Deepfake detection loses accuracy somewhere between your brain and your mouth
A team of neuroscientists researching deepfakes at the University of Sydney have found that people seem to be able to identify them at a subconscious level more frequently than at a conscious one.
A new paper titled ‘Are you for real? Decoding realistic AI-generated faces from neural activity’ describes how brain activity reflects whether a presented image is real or fake more accurately than simply asking the person.
The researchers used electroencephalography (EEG) signals to measure the neurological responses of subjects, and found a consistent neural response associated with faces for approximately 170 milliseconds. When the face was real, and only then, the response was sustained beyond 400ms.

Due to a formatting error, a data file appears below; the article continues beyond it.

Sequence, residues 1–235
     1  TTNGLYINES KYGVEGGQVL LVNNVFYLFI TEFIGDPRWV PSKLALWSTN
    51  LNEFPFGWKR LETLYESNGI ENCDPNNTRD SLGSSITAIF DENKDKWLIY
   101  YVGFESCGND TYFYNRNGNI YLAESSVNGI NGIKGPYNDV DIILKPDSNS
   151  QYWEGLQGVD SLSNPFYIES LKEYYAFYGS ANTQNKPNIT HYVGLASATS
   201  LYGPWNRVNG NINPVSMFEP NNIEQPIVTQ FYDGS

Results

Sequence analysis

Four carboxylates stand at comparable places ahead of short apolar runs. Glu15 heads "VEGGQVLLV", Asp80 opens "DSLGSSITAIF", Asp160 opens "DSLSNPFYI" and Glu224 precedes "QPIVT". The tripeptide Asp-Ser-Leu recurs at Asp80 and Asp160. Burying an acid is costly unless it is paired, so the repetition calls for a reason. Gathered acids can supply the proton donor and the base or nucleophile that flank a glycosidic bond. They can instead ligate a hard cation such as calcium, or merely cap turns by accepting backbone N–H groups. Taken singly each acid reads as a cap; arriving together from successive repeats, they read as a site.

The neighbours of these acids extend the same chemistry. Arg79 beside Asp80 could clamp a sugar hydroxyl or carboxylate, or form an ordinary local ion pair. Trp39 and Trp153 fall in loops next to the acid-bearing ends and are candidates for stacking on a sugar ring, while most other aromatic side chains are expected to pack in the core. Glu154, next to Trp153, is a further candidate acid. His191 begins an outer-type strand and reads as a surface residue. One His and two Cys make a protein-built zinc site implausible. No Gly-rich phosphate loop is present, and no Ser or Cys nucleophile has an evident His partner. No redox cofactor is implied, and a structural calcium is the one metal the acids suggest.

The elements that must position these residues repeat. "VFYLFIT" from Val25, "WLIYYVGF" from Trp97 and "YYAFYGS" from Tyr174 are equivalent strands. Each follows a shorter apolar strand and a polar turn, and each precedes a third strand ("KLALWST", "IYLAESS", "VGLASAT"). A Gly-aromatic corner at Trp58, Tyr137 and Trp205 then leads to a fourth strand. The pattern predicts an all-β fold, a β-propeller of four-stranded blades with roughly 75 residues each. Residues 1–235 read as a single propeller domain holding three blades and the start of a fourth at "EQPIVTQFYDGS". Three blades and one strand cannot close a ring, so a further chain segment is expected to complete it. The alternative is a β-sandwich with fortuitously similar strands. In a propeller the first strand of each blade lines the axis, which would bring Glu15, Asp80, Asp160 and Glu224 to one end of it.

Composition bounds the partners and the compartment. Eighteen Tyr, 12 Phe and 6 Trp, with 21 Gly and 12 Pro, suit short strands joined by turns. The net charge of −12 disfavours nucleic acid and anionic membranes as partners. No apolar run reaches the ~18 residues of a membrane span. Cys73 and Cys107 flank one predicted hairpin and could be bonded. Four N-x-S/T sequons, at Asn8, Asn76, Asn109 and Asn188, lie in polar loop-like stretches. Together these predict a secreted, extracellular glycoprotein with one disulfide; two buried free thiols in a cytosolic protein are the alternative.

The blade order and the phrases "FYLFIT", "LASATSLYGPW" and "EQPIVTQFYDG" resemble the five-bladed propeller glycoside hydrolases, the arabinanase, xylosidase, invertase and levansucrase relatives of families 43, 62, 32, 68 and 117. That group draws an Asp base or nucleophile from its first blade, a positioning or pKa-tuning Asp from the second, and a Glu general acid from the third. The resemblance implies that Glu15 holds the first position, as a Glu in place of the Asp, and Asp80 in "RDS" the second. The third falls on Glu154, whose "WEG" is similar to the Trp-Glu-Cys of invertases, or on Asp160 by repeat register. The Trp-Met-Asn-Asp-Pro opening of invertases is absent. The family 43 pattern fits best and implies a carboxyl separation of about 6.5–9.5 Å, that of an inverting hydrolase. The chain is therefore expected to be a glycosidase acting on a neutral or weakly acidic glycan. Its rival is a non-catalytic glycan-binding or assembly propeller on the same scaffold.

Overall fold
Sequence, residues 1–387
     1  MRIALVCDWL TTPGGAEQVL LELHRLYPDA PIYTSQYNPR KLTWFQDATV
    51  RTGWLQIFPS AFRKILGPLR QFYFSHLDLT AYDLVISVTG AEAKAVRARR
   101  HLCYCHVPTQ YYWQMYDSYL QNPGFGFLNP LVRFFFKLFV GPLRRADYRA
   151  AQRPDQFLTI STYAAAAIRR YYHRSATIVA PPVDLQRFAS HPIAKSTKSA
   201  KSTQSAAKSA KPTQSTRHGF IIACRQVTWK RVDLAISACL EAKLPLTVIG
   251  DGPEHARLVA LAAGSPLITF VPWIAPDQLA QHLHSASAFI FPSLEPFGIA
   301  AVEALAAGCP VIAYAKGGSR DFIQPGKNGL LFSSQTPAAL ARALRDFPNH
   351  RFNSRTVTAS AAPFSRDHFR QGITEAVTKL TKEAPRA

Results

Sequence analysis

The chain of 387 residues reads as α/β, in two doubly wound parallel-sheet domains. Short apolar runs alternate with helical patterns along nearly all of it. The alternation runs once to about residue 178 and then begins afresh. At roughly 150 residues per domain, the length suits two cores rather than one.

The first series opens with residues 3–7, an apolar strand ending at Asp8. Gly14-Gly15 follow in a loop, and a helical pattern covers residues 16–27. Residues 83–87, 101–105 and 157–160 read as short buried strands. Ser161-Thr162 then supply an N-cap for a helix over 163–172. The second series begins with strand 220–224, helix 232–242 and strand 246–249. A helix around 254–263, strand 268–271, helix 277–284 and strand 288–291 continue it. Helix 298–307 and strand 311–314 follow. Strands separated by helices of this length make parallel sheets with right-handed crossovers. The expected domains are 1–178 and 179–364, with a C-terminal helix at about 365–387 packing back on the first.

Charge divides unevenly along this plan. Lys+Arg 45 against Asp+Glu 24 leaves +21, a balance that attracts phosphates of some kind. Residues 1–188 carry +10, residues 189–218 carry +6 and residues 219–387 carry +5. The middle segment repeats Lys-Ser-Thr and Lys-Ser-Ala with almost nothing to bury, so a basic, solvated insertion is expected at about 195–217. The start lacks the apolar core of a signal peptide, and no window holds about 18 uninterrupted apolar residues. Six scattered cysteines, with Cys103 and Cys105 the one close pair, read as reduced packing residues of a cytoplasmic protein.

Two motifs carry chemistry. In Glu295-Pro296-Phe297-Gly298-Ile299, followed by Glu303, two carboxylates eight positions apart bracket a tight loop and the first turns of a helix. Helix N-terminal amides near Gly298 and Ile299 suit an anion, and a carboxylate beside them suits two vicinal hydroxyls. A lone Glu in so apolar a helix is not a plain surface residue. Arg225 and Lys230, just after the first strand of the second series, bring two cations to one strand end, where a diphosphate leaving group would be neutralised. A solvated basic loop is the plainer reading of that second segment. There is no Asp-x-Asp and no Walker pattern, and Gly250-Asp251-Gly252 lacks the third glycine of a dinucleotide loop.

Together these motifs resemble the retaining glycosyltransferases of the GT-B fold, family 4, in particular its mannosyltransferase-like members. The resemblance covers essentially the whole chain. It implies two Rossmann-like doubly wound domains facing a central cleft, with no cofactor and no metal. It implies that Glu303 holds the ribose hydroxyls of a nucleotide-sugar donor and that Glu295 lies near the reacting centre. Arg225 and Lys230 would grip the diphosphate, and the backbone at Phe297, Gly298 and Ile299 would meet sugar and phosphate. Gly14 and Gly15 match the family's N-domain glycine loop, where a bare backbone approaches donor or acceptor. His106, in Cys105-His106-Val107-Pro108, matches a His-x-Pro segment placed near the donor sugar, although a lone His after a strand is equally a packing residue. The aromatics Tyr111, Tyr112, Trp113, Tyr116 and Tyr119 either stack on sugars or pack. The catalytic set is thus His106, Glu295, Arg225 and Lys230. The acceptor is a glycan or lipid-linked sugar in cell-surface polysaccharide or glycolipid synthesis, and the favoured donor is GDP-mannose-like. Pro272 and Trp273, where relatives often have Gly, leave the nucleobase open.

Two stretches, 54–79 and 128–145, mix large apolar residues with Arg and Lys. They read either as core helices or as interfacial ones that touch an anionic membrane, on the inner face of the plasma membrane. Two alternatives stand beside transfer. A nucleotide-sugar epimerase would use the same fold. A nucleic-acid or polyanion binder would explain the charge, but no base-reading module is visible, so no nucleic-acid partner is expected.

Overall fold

The same phenomenon has been observed with real and fake faces as far back as 2017, the researchers note, but had not been tested with realistic deepfakes.
Brain activity indicated the presented image was a deepfake with 54 percent accuracy, but when asked to say whether the image was fake allowed, accuracy fell to 37 percent.
“Understanding this difference between brain and behavioral responses may be key in determining the ‘real’ in our new reality,” the researchers write.
Associate Professor Thomas Carlson told a Sydney University website that the findings could be used to help train algorithms to detect deepfakes, though the implications for training humans could be just as significant.
Biometrics and computer vision experts have found that highly realistic deepfakes can be detected by algorithms with an encouraging degree of accuracy, but also that some lower-quality deepfakes are likely to evade detection by automated systems.
AI | biometrics | computer vision | deepfake detection | deepfakes | synthetic faces